Unterstützung für die Ukraine: Möglichkeiten für Unternehmen
Business Guide "Ukraine Humanitarian Crisis"
Der UN Global Compact hat gemeinsam mit dem UN Amt für die Koordinierung humanitärer Angelegenheiten (OCHA) und der Connecting Business Initiative einen kompakten Leitfaden zur humanitären Krise in der Ukraine erstellt. Dieser bietet Unternehmen eine Übersicht, wie sie einen Beitrag für die Ukraine leisten können und beispielsweise UN-Organisationen in ihren humanitären Bemühungen unterstützen können.
Der Business Guide wurde am 27. April 2022 aktualisiert.
Unterstützung des Ukraine Humanitarian Fund (UHF)
Der Fonds unterstützt verschiedene humanitäre Organisationen, die direkt in der Ukraine aktiv sind. So stellt er sicher, dass Hilfe vor Ort bei den Menschen ankommt, die diese am dringendsten benötigen. Verwaltet wird der Fonds durch das UN Amt für die Koordinierung humanitärer Angelegenheiten (OCHA).
Unterstützung der UN Refugee Agency
Die UN Refugee Agency (UNHCR) setzt sich weltweit für von Verfolgung bedrohte Menschen ein, nun auch für die Ukrainer*innen. Sie ist zudem vor Ort aktiv und unterstützt bedürftige Menschen in der Ukraine mit Gebrauchsgegenständen.
Wir rufen Unternehmen in Deutschland dazu auf, die Arbeit der UNHCR zu unterstützen. Informationen zu Spendenmöglichkeiten für Unternehmen, sowie Ansprechpartnerinnen finden Sie auf der Seite der UNO Flüchtlingshilfe.
Statement von Sanda Ojiambo, CEO & Exekutivdirektorin des UN Global Compact
The UN Global Compact stands with the United Nations and world leaders in expressing our deep concern about the ongoing war in Ukraine and unequivocal demand for peace. This unlawful and unprovoked attack by Russia serves as a timely and tragic reminder that we need to reject conflict anywhere as an affront to peace everywhere.
The member states of the United Nations have responded to this war quickly and almost unanimously, deploring “in the strongest terms the aggression by the Russian Federation against Ukraine.” The message is loud and clear: End hostilities in Ukraine — now. Silence the guns — now. Open the door to dialogue and diplomacy — now.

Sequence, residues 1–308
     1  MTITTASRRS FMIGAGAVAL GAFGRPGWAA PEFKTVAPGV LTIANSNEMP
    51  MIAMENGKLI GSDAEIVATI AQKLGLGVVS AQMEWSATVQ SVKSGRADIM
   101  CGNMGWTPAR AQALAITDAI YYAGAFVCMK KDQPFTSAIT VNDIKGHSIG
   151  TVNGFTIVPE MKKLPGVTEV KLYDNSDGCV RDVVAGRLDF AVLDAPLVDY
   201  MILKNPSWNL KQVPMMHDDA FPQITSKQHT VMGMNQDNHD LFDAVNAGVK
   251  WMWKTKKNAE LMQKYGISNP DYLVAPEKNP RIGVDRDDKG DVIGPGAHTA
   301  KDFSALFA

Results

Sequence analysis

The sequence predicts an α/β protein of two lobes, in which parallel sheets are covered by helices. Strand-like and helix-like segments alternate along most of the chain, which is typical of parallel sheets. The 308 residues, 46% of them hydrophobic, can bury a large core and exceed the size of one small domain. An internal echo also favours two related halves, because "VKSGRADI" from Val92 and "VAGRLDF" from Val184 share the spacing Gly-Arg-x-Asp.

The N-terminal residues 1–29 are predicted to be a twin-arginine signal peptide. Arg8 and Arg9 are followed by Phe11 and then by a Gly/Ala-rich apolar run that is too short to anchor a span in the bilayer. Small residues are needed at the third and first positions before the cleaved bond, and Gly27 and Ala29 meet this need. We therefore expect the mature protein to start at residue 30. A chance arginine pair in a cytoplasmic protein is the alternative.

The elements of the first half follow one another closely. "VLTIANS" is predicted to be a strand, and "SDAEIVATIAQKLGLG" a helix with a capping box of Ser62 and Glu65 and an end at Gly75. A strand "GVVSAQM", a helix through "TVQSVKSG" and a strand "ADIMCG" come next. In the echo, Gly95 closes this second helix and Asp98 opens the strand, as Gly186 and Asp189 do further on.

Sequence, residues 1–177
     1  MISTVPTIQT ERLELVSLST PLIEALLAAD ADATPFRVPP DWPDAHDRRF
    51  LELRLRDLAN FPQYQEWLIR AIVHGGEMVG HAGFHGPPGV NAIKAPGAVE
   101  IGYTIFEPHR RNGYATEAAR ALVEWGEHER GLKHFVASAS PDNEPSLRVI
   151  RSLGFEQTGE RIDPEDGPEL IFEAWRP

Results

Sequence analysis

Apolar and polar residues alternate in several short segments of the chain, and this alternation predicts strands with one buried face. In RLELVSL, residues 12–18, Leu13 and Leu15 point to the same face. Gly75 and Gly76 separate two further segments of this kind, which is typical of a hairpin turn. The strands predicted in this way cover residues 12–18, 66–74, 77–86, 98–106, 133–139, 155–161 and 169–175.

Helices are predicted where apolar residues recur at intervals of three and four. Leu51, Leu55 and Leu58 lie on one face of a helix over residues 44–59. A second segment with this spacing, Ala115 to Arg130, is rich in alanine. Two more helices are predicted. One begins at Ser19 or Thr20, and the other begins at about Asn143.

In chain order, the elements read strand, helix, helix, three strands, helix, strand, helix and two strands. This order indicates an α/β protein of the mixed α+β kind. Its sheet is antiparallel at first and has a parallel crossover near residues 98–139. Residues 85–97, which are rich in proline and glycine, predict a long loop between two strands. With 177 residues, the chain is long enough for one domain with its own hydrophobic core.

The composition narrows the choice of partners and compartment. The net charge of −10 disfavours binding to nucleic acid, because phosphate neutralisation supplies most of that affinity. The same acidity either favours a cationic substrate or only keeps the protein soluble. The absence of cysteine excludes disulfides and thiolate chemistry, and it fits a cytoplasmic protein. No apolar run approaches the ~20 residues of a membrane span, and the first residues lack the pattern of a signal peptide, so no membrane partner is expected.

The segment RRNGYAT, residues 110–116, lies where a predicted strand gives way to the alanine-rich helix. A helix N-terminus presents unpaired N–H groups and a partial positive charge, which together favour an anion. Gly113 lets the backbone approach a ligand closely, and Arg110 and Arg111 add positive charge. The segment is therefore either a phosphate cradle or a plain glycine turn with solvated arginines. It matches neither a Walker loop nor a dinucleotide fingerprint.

We are witnessing devastating consequences within Ukraine and around the world. Humanitarian needs are multiplying and spreading by the hour, with civilians, in particular the most vulnerable such as women, children, elderly people and those with disabilities, paying the highest price. Globally, there is a mounting crisis, including the consequences on food security for many countries, especially for low-income food import dependent countries. The war also shows how the global addiction to fossil fuels is placing energy security, climate action and the entire global economy at the mercy of geopolitics. To take immediate action to support humanitarian relief efforts, this Business Guide explains how businesses can support the Secretary-General’s three-month Flash Appeal for people in Ukraine, and a Regional Refugee Response Plan for the situation outside.
There are already more than 2.3 million refugees from Ukraine who have crossed into neighboring countries — the fastest growing refugee crisis in Europe since World War II. Among them are more than 110,000 Third Country Nationals. With Ukraine’s neighbors compassionately and generously taking in those seeking safety, it is important that this solidarity be extended without discrimination. We echo the words of the UN Secretary-General in saying that the international community must give those affected our unequivocal support “without any discrimination based on race, religion or ethnicity.”